“I'm not in position to talk about any of that, because I don't know that, you know. Those decisions have not been made. And, you know, there'll be a time and a place, you know. I usually just, [have] been very honest about if something or decisions have been made, I'll let you know. We're nowhere near that now.”
That being said, while contemplating which of his former players Meyer would draft in their prime, one name stood out on the list.
“I go back to maybe [San Francisco 49ers defensive end] Nick Bosa, [Dallas Cowboys running back] Zeke Elliott. At Florida…[Pittsburgh Steelers corner] Joe Haden in his prime was as good a football player as I've ever been around. You know him and [New Orleans Saints corner] Janoris Jenkins at that safety position. I think [former Seattle Seahawks receiver] Percy Harvin is, the best player I've ever coached.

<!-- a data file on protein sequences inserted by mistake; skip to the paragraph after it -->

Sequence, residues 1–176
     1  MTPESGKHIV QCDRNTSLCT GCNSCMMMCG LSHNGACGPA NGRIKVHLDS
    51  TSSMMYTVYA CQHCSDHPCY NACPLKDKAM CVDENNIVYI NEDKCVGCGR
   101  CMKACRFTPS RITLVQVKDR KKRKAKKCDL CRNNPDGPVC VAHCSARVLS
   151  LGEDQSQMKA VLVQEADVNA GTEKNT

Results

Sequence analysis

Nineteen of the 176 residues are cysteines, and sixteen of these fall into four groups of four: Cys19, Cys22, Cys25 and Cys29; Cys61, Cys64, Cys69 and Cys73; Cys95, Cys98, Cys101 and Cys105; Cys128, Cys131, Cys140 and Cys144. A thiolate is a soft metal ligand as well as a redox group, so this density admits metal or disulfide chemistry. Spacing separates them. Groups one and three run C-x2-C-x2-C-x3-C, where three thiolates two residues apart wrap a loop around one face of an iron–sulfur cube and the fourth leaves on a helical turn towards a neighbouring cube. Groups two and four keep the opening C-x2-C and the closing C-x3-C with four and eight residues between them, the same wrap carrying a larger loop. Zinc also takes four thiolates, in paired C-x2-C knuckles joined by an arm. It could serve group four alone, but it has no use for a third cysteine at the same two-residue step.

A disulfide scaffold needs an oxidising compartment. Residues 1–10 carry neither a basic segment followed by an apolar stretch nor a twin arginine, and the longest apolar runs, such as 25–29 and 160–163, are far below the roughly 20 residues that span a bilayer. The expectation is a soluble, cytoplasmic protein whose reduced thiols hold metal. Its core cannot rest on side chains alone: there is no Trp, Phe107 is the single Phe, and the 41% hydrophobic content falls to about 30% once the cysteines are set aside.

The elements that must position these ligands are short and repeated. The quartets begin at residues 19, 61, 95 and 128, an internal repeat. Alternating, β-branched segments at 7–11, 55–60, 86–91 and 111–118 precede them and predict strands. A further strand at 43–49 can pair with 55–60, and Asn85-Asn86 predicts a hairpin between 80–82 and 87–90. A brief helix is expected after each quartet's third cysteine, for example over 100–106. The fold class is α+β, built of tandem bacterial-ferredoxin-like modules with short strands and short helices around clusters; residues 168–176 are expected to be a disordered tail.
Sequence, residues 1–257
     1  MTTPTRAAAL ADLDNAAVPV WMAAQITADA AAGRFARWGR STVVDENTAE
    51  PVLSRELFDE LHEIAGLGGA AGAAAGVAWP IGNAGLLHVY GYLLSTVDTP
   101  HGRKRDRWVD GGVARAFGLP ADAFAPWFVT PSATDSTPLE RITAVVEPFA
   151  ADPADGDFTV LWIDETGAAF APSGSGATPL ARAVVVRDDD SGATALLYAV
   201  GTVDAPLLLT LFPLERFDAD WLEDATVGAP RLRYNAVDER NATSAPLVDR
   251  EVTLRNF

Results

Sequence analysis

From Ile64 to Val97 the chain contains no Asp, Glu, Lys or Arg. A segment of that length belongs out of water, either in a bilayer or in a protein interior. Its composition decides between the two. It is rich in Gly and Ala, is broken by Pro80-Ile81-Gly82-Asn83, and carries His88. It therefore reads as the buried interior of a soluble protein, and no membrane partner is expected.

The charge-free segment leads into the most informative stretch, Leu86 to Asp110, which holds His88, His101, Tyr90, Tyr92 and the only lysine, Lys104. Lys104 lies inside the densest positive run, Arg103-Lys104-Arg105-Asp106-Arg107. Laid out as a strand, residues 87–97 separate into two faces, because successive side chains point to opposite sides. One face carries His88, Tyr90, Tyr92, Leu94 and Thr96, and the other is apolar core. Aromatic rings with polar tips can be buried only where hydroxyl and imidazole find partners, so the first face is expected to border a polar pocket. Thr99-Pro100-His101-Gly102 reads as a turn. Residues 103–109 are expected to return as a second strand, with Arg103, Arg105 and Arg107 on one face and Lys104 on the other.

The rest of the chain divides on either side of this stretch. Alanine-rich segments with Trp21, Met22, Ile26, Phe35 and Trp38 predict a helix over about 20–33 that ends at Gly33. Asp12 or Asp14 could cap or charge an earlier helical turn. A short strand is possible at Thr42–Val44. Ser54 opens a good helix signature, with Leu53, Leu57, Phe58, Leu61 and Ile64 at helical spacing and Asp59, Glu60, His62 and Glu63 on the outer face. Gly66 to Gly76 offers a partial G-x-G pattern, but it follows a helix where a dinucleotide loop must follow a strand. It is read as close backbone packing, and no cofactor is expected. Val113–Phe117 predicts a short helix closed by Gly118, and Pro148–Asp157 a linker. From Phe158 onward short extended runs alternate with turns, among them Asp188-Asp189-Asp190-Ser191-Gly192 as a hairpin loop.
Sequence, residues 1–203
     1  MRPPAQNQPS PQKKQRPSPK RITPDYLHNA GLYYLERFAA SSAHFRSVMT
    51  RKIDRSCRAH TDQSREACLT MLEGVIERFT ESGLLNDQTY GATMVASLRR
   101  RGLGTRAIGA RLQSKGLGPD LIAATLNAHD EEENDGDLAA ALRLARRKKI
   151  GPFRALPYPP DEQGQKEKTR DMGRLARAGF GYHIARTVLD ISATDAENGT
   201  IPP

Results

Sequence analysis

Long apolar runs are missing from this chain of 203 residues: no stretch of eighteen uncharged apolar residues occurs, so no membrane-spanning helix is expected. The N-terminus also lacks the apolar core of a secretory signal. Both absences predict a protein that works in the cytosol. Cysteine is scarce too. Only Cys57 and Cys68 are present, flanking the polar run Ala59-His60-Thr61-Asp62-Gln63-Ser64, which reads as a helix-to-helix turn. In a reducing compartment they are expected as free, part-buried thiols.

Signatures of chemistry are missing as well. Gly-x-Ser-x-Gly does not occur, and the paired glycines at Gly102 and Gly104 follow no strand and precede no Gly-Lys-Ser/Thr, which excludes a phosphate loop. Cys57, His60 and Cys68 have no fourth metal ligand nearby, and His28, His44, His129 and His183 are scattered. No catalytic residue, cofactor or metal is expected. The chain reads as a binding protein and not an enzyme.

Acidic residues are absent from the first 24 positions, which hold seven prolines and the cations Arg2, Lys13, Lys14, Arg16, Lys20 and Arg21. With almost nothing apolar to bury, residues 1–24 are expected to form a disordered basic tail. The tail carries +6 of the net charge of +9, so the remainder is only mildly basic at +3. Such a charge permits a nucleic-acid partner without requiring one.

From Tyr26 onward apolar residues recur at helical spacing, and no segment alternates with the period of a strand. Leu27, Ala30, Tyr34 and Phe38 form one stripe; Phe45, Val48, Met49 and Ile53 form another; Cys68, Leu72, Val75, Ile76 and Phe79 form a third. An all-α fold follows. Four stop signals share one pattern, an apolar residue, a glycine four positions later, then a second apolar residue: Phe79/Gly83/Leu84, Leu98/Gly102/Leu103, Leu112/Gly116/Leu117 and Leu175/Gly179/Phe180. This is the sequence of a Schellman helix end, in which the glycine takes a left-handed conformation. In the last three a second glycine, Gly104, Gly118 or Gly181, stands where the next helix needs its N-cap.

“Then obviously you got [former Denver Bronco’s quarterback] Timmy Tebow in his prime of his career. I’m very biased but I still think he's the best college football player of all time.
“And then there's a guy named Alex Smith. In his prime—none better; none better. He's the number one pick overall in the NFL Draft.”
Chris Doyle Hire Was Done with Homework; New Hire Is Still Being Evaluated
When Meyer announced his full stuff, one name immediately drew ire. Former Iowa Strength and Conditioning Coach Chris Doyle had been hired as the Director of Sports Performance. Doyle and the school agreed to part ways after nearly two decades at Iowa due to allegations of bullying and racism. Within 24 hours of the hire being announced, Doyle tendered his resignation to Meyer and the franchise.